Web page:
I think arching the back, diverts the attention of the brain from being relaxed into getting the arch just right.

Ill stick to relaxed position as I can still get a horizontal position.

Eagerly waiting for the Self-Coach workshop DVD to arrive.
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  #6  
Old 02-20-2011
cynthcor cynthcor is offline
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Not sure that I would agree you should "arch" your back as much as I would recommend you consciously engage your core. When I arch my back, it starts to ache after a while. When I engage my core I stay balanced. When I arch it feels like I'm pushing the muscles out - when I'm engaging my core it feels like I'm bearing down.
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  #7  
Old 02-20-2011
Mike from NS Mike from NS is offline
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Mike from NS
Default engage the core

Does engaging the core mean, or feel like, "sucking in the gut"? But then arching or engaging removes some of the relaxed state that we strive for. Right? or Wrong
Mike
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  #8  
Old 02-20-2011
ames ames is offline
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ames
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In Terry's newest dvd, the Self-Coached Workshop, he addresses this in passing under the section on the 2-beat kick. He shows a clip of how he streamlines his body, switching from one track to the other. He freezes it at one point and says, "The slight curve in my back shows how hard it is to stay aligned," meaning that, although his legs are high, his back shouldn't be arched to make that happen. Any deviation from a straight line adds drag. Now, how you get your body perfectly straight but without being overly tense I can't answer!
ames
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  #9  
Old 02-20-2011
boken boken is offline
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I've recently been trying a more engaged lower abdominal and a flatter pelvis and it seems to be doing very well. In Superman glide I think I have more points touching the surface if I try to lightly draw the pubic bone up (towards my navel, think Michael Jackson mid-grab). I thought that it would make my legs sink because I have relatively tight hip flexors and moving the pelvis like this requires the angle of the femur to extend further back to maintain a straight position; but this has not been the case. When I remember to do it whole stroke I see noticeable time/stroke count improvements.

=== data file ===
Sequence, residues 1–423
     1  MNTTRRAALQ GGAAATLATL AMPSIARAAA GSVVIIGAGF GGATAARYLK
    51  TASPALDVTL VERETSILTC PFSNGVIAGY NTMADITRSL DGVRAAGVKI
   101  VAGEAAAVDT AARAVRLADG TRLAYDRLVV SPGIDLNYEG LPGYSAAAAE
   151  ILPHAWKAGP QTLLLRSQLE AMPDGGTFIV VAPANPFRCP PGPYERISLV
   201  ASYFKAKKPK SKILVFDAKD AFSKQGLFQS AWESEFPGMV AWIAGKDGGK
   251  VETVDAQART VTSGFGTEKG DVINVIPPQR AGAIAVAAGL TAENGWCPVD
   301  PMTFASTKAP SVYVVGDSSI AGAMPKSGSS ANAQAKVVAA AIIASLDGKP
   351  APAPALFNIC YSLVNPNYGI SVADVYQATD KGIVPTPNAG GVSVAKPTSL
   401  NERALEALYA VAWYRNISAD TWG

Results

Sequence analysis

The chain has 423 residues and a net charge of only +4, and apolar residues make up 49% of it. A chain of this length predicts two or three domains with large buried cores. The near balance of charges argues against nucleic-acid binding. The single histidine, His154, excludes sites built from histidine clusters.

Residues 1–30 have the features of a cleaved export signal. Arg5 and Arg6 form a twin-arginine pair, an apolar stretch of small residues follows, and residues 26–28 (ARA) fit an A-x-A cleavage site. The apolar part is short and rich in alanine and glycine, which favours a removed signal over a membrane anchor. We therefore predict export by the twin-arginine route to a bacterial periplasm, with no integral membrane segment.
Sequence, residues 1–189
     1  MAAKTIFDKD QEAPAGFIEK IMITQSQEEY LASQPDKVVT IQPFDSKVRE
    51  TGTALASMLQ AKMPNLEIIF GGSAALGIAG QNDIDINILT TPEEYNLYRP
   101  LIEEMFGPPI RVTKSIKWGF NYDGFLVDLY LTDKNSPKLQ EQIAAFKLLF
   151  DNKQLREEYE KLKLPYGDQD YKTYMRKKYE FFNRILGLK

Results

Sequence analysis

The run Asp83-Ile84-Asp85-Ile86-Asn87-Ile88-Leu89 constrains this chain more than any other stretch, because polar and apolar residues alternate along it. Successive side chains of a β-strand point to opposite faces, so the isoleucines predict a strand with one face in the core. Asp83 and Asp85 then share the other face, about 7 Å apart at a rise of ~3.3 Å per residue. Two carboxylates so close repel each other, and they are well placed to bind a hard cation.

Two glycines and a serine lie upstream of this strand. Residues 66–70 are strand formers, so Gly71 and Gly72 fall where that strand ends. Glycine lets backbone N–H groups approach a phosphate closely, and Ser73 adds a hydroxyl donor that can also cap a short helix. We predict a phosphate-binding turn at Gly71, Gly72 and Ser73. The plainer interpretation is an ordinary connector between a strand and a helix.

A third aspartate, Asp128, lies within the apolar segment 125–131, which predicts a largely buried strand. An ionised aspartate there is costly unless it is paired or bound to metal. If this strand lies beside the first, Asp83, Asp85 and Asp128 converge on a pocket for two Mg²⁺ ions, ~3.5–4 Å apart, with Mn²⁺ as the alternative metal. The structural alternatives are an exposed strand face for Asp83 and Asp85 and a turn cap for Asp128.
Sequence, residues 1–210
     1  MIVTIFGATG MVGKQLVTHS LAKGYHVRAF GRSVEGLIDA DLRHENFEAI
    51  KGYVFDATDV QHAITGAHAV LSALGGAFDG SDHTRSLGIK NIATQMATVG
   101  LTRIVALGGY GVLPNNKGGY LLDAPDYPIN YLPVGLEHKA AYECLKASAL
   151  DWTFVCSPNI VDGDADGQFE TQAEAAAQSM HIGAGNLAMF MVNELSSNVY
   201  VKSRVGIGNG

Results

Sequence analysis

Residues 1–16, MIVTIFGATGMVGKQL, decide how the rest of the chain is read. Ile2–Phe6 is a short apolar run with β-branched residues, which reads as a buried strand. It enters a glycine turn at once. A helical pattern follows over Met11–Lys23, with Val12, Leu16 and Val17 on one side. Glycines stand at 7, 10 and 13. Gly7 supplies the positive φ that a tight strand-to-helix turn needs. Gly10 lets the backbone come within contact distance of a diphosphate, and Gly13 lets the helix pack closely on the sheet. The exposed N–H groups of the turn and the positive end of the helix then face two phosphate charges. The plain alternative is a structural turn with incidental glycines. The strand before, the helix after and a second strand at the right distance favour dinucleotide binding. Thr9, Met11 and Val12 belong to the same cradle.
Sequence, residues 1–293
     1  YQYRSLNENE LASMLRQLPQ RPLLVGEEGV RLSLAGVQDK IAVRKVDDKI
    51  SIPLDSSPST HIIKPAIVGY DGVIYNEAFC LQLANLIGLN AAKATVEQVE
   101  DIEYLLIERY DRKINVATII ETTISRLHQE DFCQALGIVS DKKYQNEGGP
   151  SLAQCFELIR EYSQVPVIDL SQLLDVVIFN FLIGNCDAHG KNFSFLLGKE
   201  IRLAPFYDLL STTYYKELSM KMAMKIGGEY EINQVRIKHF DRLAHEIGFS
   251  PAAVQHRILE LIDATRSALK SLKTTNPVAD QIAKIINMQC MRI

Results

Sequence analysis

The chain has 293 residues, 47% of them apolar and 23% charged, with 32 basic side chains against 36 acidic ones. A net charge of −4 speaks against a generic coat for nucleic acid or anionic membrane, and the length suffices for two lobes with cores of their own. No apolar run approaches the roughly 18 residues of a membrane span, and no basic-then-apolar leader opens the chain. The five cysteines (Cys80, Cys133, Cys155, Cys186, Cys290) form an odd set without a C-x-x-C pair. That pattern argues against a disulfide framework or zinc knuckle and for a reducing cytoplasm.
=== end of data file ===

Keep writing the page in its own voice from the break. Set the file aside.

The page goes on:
It is still new and it does require energy and concentration to stay engaged. I hope that I'll find a happy balance where I can remove the 'tension' without losing the 'engagement'. My motive is not to flatten the curve of the lower back, although it does some, but to hopefully have more stability in my swimming posture as I rotate, kick, etc.
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  #10  
Old 02-20-2011
IbnSaeed IbnSaeed is offline
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IbnSaeed
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Quote:
Originally Posted by ames View Post
In Terry's newest dvd, the Self-Coached Workshop, he addresses this in passing under the section on the 2-beat kick. He shows a clip of how he streamlines his body, switching from one track to the other. He freezes it at one point and says, "The slight curve in my back shows how hard it is to stay aligned," meaning that, although his legs are high, his back shouldn't be arched to make that happen. Any deviation from a straight line adds drag. Now, how you get your body perfectly straight but without being overly tense I can't answer!
ames
Hello Ames

is this what you are referring to:

http://www.youtube.com/watch?v=PwpvBMfUoAs

Watch from 1:14 onwards.